I have to admit that when I first read the IMDb review for White Collar, I was a little sceptical. White Collar crime brings to mind Bernie Madoff, obnoxious financier types in expensive suits and ponzi schemes, none of which I find particularly interesting.
Well, I was right about the nice suits.
In terms of wardrobe and charm, Neal Caffrey is like the Harvey Specter of the white-collar criminal world (with skinner ties. And hats!). As an anti-hero, he’s pretty damn effective: he’s handsome, clever and an all-around good guy, unlawful activities aside.
Although initially portrayed as his nemesis, Peter Burke, the FBI agent who made it his mission to catch Neal – and actually accomplished the feat – is almost just as likable. He’s not as suave as Neal, and looks more like the goofy guy you’d expect to tell embarrassing dad jokes at your family reunion. But he pretty much embodies the cliché of the honest FBI guy, and not in a bad way.
Wily and quirky sidekick Mozzie, literally Neal’s partner-in-crime, acts not only as the show’s comic relief, but also as an integral part of the various covert activities going on. Burke’s wife Elizabeth is the down-to-earth, sensible woman who grounds Peter when he gets obsessed, and forms a bond of sorts with (seemingly) reformed criminal Neal.
The premise of the show is simple: Neal is a master conman, who knows the ins-and-outs of the grand larceny world, specializing in stolen art. He knows the main players and their M.O. He’s much more valuable helping the FBI solve such cases than he is rotting away in a prison cell. He is released to Peter’s custody, accessorized with an ankle monitor, and given the job of unpaid consultant to the Bureau. Most cases require less-than-legal means in order to catch the bad guy, and Neal is the man for the job, assisted by the oddity that is Mozzie. Peter appreciates the help but keeps Neal on a short leash, never forgetting that he is capable of lies, deceit and very talented but also quite sticky fingers.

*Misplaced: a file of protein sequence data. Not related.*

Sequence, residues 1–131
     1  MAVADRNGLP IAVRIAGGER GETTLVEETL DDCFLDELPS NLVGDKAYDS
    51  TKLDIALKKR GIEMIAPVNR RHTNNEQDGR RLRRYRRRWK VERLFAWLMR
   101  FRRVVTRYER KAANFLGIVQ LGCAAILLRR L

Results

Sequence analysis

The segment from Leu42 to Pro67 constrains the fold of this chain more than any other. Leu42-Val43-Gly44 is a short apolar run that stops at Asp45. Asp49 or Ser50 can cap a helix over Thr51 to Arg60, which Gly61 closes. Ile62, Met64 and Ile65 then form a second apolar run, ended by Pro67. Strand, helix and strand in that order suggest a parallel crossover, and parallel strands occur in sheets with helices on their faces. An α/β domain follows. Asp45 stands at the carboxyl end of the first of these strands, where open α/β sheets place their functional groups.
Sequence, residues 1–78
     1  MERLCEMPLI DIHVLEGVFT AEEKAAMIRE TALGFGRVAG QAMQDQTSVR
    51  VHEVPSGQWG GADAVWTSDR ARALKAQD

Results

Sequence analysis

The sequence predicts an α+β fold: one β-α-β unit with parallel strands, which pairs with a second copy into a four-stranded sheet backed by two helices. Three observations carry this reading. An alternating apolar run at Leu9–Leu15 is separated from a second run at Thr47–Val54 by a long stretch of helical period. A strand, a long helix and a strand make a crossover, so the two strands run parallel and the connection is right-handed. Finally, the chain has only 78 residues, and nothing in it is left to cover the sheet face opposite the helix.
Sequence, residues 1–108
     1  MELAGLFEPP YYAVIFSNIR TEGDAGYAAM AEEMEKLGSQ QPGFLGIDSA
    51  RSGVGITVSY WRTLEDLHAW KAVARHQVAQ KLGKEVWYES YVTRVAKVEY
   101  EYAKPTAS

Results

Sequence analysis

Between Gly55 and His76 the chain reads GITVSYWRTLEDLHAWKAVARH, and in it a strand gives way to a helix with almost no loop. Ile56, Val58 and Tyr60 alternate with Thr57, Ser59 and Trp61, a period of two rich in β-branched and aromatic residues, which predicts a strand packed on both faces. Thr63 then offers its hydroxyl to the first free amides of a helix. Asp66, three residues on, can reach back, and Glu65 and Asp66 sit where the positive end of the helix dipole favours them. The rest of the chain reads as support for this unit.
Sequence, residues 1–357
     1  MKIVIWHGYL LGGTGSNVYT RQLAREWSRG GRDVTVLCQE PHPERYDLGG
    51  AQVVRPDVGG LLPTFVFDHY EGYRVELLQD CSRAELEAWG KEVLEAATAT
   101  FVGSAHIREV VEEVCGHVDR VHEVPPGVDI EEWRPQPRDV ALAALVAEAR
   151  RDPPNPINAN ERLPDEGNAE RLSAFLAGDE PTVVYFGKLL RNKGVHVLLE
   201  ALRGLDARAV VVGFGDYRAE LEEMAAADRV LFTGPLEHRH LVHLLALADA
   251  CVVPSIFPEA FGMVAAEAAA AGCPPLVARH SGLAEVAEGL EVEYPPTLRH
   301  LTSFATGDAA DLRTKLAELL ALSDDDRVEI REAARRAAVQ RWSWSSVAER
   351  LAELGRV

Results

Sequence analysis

As the show progresses, their relationship evolves from one of distrust and mutually exploited interests into a deeper, more meaningful bond that extends beyond the office; they become friends and are even willing to transcend their own code and personal set of values in order to bail each other out of a jam.
I watched the first three seasons back to back (and have already started binge-watching season 4), and so far the show definitely delivers.
Are the events of each episode exaggerated and unrealistic? For the most part, the answer would be yes, although I’m no criminal mastermind, so many of the over-the-top scenes might as well be true to fact for all I know.
Is Neal way too charismatic to be believable as a character? Possibly, considering he’s eloquent, well-read, talented in various aspects of criminal activity, an expert in everything from art history to romantic literature… and basically amazing in everything he does.
But just like Mozzie’s fashion sense, unique turn of phrase and extravagant ways, we’re not meant to take it all too seriously. [by the way, as much as I adore Willie Garson, his over-the-top gay SATC persona has the exact same mannerisms and tone of voice as his straight Moz].